Any positive-index alphas will get closer to zero as you account for expense ratios, while negative ones will grow more negative. On an absolute value basis, positive-index alphas' significance ratio numerators will drop, while negative ones will increase. The bigger the expense ratio, the bigger the significance shift.

So yes, the expense ratio can eat your alpha.

The significance situation gets more complicated with indexes that are harder to track, generally ones that rebalance frequently or include small-caps and emerging market securities. In those cases, the standard error of alpha might actually increase from an index-on-index to a fund-on-fund regression.

But the expense ratio effect won't go away.


A fund is not an index. The real-world costs of operating a fund can kill your alpha.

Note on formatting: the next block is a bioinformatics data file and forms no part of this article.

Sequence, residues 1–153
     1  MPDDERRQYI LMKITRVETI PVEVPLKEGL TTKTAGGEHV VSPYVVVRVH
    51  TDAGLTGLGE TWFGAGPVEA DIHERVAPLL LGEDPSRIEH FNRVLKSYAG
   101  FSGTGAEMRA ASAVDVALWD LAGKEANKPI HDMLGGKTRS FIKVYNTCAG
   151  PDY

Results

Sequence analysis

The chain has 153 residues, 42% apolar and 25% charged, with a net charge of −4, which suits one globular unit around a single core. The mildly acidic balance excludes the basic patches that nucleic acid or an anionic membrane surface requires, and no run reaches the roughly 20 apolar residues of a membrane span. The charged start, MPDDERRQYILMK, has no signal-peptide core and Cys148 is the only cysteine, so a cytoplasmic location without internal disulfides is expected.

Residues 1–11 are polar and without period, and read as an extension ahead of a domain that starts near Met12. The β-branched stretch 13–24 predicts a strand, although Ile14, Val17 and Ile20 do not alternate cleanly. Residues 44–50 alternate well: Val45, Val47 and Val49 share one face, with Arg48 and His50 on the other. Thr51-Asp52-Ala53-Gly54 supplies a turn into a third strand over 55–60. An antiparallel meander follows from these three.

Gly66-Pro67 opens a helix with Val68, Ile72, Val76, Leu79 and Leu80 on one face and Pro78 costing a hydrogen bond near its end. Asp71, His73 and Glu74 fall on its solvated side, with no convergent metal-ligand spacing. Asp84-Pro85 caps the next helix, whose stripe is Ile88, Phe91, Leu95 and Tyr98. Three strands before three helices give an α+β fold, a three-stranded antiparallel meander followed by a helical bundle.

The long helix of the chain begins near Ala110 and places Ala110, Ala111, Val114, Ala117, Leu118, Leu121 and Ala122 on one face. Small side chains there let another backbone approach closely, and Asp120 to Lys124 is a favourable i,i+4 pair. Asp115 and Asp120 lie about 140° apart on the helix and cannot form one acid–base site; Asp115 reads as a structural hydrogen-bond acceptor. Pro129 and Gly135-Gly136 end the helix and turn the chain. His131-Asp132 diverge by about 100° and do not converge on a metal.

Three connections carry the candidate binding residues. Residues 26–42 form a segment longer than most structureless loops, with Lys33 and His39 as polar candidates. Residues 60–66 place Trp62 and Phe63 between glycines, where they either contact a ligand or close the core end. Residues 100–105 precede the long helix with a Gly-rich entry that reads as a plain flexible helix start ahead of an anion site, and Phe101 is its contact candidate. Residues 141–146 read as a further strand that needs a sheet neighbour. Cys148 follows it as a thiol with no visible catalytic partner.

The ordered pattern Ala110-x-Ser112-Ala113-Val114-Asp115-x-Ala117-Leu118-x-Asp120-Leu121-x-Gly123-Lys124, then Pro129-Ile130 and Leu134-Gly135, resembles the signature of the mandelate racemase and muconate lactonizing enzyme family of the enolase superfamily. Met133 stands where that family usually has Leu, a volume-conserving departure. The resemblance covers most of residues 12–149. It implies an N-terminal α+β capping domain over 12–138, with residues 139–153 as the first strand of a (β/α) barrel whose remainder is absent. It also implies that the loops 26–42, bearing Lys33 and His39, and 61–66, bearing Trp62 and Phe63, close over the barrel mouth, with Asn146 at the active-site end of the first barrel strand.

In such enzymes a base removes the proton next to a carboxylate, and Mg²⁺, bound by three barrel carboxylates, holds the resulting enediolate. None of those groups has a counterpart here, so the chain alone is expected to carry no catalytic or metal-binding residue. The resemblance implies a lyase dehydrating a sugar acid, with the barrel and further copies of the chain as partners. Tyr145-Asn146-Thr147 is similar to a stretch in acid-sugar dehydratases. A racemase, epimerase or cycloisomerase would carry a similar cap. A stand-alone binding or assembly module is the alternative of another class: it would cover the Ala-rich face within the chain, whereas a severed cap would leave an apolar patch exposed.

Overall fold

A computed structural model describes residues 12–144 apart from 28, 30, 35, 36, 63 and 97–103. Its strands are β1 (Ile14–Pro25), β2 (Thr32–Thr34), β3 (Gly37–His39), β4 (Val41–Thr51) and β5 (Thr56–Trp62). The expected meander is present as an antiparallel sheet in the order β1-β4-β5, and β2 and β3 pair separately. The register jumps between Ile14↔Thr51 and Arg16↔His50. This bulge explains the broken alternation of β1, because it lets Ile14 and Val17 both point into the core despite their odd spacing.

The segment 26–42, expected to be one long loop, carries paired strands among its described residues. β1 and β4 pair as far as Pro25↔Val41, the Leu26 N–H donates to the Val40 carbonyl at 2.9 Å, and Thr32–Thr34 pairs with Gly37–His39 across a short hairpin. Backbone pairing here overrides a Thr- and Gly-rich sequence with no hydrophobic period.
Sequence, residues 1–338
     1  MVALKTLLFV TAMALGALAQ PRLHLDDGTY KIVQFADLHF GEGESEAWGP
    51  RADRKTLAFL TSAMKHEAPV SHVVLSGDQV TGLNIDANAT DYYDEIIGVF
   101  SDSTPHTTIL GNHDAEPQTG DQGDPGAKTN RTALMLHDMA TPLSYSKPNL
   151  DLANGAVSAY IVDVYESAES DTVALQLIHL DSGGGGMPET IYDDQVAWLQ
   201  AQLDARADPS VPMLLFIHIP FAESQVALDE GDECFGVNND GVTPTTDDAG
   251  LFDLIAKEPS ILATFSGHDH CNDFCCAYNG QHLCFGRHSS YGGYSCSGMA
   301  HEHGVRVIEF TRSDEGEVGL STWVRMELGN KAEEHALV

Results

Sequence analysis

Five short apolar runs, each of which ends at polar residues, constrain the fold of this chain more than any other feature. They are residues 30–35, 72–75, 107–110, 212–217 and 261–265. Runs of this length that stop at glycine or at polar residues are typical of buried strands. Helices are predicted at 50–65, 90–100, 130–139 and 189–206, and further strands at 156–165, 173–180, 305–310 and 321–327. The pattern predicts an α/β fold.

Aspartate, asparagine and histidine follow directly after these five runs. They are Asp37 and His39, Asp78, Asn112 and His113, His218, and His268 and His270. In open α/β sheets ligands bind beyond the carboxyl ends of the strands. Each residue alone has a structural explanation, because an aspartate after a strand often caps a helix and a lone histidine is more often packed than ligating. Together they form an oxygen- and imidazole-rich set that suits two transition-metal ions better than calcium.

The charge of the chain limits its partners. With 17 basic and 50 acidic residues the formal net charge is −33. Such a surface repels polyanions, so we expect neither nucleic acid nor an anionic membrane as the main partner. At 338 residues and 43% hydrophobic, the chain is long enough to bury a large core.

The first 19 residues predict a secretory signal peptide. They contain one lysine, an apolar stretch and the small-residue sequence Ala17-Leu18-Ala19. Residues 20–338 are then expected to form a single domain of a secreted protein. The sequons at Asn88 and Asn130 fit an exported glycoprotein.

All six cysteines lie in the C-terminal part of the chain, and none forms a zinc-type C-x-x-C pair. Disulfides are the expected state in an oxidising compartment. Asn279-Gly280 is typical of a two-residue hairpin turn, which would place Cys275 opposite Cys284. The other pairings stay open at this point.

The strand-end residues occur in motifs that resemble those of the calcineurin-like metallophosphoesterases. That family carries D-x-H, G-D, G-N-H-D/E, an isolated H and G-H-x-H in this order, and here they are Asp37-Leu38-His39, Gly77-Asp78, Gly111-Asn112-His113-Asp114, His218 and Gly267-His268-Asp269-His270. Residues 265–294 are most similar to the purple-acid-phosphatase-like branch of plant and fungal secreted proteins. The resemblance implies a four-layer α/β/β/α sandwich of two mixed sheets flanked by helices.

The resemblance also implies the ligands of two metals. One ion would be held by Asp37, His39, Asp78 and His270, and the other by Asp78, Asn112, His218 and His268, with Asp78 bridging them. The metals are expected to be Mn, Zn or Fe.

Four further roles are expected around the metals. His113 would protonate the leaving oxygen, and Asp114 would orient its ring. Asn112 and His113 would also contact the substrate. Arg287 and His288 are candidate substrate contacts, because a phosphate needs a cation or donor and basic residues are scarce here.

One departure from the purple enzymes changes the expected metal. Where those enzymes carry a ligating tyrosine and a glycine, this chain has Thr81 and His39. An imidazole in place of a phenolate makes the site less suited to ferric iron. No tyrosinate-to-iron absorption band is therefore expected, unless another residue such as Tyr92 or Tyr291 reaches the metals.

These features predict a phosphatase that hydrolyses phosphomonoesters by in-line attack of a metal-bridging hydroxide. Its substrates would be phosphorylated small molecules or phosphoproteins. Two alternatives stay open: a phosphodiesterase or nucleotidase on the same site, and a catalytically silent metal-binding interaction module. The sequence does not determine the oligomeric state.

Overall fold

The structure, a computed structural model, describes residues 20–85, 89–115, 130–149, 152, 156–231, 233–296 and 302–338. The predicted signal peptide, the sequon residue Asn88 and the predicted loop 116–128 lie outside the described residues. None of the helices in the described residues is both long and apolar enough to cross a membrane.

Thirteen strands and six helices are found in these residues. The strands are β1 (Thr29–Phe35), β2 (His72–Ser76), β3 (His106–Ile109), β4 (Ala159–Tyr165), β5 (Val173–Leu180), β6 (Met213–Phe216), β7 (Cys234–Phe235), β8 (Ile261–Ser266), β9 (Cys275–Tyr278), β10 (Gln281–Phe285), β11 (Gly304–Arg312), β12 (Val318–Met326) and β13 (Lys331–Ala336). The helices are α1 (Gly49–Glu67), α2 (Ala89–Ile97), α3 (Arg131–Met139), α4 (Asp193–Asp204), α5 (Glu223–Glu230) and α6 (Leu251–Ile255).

One Year to March 31, 2014
 Expense RatioGoodness of FitBetaAlpha AnnualizedSignificance
DLN Index 0.970.91-1.29%48.70%
EPS Index 0.990.981.08%75.10%
EWRI Index 0.941.051.27%30.95%
FEX Index 0.961.090.85%27.44%
PRF Index 0.991.020.75%41.32%
RSP Index 0.971.070.91%35.18%
SPHB Index 0.881.390.19%2.54%
SPHQ Index 0.950.930.75%23.60%
SPLV Index 0.810.83-4.21%64.33%


Five Years to March 31, 2014
 Expense RatioGoodness of FitBetaAlpha AnnualizedSignificance
DLN Index 0.960.892.56%94.38%
EPS Index 0.990.970.75%75.11%
FEX Index 0.971.101.23%60.79%
PRF Index 0.951.131.93%64.98%
RSP Index 0.971.141.72%74.03%


At the time this article was written, the author held a long position in IVV. Contact Elisabeth Kashner, CFA, at [email protected].


Elisabeth Kashner is FactSet's director of ETF research. She is responsible for the methodology powering FactSet's Analytics system, providing leadership in data quality, investment analysis and ETF classification. Kashner also serves as co-head of the San Francisco chapter of Women in ETFs.